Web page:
"...inspires introspection in the way a short film might."
Fragments of Him is a story that takes place from multiple perspectives in response to the untimely passing of a beloved young man named Will. The breezy, laid back experience hops from one important person to the next as they retell in past and present how they felt and feel about Will. Similar to "walking simulators," Fragments of Him is more of an interactive story than a "game."
Unlike walking simulators, Fragments of Him offers rare moments in which players can make choices that slightly alter the story and dialogue. However, players are strictly confined to areas throughout each character's location and forced to find a highlighted clickable to progress the tale. The intent seems to be that players are "in" the story, though I never felt this way. If anything, I experienced mild frustration at not being able to locate the item that would set me on a forward momentum.
Fragments of Him can't quite decide what it wants to be: an exploratory experience, a story with choice, or a laid back "movie." Having to interact with the environment felt purposeless and taxing; I wanted to just listen to the characters tell the story, but I had to constantly click to set the next string of dialogue in motion. Readers might find this complaint eye-roll-worthy, but a game like this needs to decide what it wants to be. Other adventure titles like Walking Dead can justify this type of player interaction because players are actively involved in shaping the tale or talking to other characters, but Fragments of Him feels starkly voyeuristic in nature.
Now that the interactive woes are out of the way, I want to highlight what a passively reflective joy this brief journey was. Will's story is one of love, loss, and perspective. Each character relives moments in which they loved Will in different ways, which on its face isn't entirely new to storytelling, but the composition of the environments, script, and voice acting makes this a story unique to Will. Insofar that the story's unique to Will, it became unique to me. As I listened to how he touched others' worlds, I thought about people in my life and what they would say about me if I left this reality unexpectedly. Do I even have someone like his grandmother in my life? What would my wife do if I was gone? How would she cope? Would an ex-girlfriend appear out of nowhere and share positive stories? All of these thoughts came to my mind, and with them, emotions.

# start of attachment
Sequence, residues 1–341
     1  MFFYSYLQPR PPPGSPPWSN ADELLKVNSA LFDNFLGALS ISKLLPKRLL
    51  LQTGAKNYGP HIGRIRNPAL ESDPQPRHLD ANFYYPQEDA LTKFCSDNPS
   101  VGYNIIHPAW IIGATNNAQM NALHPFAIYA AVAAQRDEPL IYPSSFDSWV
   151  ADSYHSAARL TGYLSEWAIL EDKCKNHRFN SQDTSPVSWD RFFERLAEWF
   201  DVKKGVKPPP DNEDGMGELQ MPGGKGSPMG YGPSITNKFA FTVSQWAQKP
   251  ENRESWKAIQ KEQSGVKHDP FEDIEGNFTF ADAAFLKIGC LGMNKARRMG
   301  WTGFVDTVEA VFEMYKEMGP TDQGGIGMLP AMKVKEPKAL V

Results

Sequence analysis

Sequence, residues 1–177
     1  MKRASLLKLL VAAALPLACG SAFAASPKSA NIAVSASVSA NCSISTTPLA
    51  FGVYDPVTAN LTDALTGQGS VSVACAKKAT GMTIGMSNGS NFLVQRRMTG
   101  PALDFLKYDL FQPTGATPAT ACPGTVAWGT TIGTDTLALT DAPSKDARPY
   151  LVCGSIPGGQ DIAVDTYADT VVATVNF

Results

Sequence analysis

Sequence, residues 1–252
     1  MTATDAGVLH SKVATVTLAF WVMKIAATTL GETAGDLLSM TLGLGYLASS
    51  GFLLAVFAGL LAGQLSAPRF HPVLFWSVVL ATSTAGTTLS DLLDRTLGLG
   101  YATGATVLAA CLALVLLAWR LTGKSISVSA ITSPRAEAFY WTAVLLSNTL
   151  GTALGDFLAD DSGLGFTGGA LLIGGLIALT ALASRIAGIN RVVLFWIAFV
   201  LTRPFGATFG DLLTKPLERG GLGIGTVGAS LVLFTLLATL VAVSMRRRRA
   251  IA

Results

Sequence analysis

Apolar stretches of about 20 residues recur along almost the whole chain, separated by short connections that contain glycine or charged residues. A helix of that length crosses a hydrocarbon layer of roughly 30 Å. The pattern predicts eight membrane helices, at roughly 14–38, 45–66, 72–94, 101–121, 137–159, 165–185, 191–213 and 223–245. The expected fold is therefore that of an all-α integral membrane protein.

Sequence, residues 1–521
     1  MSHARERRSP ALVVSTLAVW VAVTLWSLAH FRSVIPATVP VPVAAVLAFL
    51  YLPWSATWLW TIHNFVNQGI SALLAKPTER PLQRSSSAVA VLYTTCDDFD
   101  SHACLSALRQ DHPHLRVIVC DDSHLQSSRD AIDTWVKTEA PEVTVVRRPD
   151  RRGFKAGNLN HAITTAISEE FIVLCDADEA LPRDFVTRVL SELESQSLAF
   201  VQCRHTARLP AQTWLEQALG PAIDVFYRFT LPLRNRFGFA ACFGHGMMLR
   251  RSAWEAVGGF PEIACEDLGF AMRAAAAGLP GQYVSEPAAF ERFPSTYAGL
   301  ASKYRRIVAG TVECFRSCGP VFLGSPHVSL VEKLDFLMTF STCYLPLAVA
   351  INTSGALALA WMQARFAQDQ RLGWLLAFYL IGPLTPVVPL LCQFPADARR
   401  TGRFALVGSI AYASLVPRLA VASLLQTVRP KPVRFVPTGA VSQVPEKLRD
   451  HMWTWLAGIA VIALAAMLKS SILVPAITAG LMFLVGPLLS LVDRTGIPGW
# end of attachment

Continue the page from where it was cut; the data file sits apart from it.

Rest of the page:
I suppose the greatest compliment I can offer Fragments of Him is that it inspires introspection in the way a short film might. And while it's no more than that, it's powerful in that quick visit. Even now, weeks after playing it, I have vivid recollections of key — and benign — scenes, with dialogue and voices firmly imprinted in my mind. The harmony of the heartfelt script and skillful voice actors makes these people feel real. While the audio experience might be enough, the game is also visual, and that might be the most contentious part of the game.
At first gaze, Fragments of Him is harsh on the eyes. Scratch that — perhaps too minimalistic in this day and age. For some people. I, personally, found the style appropriate to the tale told and that it allows players to focus on the people rather than things. Still, some might find the appearance jarring and unpleasant, though those folks might not be the key demographic for such a game in the first place.
Fragments of Him is a worthwhile venture that the creators seem to have put much time and effort into — which shows. Stories like this lack punch or "wow," but excel in heart, mood, and introspective qualities. While certainly not for everyone, those who want a relatively relaxing and short insight into human relationships may find the people in Will's life able ushers.